Donald Trump has promised to take Washington by storm.
There is almost nothing the new American president does not want to change - policy, tone, foreign relations, the press pool. Mr Trump has told his cabinet nominees to be bold and be bold now.
He wants a shake-up of US government and he wants it soon. That is why his first 100 days will be so definitive. He has set the timetable for an ambitious agenda and in the next three months we will find out how much he can really shift.
There is a lot happening in Europe also during this 100 days. Britain is beginning the formal process of Brexit and the Dutch will hold elections which could herald the next step in the transatlantic populist march.
And of course, the French will gear up for their own election in which the National Front will be the focus of much attention. It is an extraordinary time on both sides of the Atlantic.
This exceptional moment demands examination and analysis. So the BBC is launching 100 Days, a daily programme that gives us the chance to look at these global shifts.
In many ways, the inauguration of Donald Trump marks the beginning of the test of the populist experiment. Now he owns the problems he campaigned against. Can his bold approach work, who will benefit and who won't and how will he engage with the rest of the world?
Every day for the next 100 days, with Christian Fraser in London and me in Washington, we will try to answer those questions.
As he left office, President Obama had a veiled warning for his successor - if you're going to try to change things and bring in bold ideas, make sure you're aware of the consequences. He also suggested that the weight of office would soon settle on Mr Trump's shoulders and cause him to look carefully and humbly at what he has taken on.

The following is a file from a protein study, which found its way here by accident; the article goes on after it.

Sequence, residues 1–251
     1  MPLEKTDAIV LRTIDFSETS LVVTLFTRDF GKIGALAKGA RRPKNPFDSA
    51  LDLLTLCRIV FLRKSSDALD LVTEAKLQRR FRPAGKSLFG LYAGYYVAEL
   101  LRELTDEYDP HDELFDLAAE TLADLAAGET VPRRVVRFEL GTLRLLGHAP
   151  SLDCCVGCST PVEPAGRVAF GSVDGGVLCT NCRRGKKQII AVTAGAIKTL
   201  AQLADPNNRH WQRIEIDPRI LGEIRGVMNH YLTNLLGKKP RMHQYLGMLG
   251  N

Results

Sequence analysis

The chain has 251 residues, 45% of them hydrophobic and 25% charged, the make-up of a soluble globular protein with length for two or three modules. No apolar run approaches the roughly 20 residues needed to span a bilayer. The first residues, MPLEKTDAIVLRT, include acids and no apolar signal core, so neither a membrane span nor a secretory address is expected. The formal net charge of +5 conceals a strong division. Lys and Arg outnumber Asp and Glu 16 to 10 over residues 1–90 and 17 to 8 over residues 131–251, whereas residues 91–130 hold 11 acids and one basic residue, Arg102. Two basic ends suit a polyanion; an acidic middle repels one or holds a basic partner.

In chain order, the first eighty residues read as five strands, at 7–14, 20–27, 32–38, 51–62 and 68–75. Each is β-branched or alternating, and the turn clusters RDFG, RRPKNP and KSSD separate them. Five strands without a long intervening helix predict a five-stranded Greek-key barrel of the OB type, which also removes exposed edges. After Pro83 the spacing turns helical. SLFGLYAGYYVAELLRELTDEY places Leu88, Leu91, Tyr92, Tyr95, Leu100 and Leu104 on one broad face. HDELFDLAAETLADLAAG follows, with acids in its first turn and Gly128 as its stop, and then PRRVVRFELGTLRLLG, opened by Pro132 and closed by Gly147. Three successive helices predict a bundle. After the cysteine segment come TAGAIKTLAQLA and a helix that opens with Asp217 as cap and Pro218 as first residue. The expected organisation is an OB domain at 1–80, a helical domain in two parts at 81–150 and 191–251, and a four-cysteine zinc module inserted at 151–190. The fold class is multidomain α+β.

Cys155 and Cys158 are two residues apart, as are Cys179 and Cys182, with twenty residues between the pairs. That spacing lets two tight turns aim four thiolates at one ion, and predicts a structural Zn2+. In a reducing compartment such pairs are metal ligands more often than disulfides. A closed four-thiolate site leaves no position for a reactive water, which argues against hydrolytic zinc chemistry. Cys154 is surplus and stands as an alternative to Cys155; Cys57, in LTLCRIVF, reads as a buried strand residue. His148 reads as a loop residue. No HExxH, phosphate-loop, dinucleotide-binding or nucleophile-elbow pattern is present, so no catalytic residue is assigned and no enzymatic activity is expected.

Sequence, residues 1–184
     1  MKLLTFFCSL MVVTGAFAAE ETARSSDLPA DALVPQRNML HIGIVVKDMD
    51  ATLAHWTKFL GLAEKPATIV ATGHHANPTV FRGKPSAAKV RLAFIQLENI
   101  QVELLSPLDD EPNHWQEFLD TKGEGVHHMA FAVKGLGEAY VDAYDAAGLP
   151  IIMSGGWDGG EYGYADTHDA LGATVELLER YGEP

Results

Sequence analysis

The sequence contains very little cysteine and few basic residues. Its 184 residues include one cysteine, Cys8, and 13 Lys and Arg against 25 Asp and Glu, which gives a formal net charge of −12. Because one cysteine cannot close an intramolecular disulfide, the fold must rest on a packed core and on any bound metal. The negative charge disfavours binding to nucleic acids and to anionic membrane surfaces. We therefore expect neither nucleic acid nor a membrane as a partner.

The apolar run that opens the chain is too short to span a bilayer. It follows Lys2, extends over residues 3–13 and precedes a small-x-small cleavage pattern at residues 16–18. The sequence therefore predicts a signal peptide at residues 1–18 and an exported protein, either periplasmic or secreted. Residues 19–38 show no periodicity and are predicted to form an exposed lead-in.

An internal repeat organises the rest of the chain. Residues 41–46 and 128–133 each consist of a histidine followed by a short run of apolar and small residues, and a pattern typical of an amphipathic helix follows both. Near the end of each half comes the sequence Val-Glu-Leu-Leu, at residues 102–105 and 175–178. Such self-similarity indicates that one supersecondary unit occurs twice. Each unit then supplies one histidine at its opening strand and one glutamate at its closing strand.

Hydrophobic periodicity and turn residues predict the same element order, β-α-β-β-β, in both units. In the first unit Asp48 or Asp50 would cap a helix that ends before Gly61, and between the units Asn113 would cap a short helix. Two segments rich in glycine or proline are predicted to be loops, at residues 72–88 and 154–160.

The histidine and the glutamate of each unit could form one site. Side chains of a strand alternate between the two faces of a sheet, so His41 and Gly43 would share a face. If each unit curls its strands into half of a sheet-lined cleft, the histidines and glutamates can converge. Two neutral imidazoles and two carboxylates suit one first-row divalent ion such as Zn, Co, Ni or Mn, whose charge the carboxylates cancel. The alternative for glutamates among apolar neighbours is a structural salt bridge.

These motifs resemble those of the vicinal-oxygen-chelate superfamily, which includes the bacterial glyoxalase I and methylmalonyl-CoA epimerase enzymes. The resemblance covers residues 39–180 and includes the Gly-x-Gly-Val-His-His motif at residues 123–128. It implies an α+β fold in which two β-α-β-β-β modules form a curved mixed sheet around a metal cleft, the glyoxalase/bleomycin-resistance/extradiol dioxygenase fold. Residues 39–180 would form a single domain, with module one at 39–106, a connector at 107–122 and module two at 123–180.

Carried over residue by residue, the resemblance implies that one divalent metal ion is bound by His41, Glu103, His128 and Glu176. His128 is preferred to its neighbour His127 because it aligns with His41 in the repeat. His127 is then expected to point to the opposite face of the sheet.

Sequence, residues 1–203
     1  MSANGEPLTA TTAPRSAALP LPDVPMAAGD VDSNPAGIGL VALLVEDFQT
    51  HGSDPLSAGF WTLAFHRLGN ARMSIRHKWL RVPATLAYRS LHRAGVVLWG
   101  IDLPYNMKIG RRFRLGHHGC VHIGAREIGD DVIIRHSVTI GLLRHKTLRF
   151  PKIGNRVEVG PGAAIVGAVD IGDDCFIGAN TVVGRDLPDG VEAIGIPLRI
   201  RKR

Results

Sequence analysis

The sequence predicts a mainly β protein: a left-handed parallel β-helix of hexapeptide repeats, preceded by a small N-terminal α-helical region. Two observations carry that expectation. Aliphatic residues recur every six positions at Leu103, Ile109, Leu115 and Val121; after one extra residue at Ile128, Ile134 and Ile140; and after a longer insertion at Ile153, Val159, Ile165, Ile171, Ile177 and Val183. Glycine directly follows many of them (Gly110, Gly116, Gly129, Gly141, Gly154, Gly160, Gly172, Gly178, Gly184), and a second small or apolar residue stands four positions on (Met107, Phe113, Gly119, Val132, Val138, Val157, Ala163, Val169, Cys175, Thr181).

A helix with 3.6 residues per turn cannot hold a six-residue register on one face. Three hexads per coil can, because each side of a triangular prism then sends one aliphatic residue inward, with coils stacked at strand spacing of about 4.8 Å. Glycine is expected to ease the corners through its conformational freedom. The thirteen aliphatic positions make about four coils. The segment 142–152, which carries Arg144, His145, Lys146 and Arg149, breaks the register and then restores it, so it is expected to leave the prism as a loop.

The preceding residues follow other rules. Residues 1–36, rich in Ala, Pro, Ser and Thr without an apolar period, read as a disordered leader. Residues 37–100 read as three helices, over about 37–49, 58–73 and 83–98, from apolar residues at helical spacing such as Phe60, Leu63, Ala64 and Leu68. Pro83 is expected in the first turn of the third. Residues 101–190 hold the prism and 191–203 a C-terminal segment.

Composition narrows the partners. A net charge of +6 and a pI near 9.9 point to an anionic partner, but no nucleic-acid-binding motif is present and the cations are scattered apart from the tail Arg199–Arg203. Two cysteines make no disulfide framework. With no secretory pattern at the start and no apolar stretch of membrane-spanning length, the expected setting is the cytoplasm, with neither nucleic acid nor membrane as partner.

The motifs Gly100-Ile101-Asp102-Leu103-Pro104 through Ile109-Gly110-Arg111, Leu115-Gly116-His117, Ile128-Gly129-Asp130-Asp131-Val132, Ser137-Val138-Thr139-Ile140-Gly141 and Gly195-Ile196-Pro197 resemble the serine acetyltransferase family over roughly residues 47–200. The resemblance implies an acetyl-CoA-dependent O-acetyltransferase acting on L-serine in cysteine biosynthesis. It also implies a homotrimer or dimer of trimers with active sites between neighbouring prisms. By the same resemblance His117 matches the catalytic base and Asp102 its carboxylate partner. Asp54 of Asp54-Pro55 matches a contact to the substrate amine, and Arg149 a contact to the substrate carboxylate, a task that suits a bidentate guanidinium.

Mr Trump goes into the White House as the least popular incoming president on record. He won't like that. We know from his election campaign that he watches polls closely and however hard he tries to dismiss them as "phony" or "lying," they matter to him.
His low ratings today give him a powerful incentive to do better. That could mean a combination of both working on his tone (something which appears to be unpopular with large sections of the American public) and pushing hard with his agenda (much of which also seems to be popular with many Americans). That too, will make this a fascinating time.
Some of this is under Mr Trump's control, but some of it is not. The Republican Party will have a big impact in making making his first 100 days successful - they can boost his legislative agenda or kill it.
The party owes Mr Trump a lot, he has just handed them Congress, the White House and the Supreme Court, that will win him a lot of favours. But many Conservatives do not agree with everything he wants to do and, if his poll numbers stay low, they will have less incentive to help him out.
So we have a busy, fascinating few months ahead of us. This populist trend is global and the test starts now. Mr Trump wants to change the look, feel and smell of Washington. Funny that, so did Mr Obama eight years ago.
100 Days, presented by Katty Kay and Christian Fraser, Monday - Thursday at 7pm on BBC News Channel, BBC Four and BBC World NewsSuggest a correction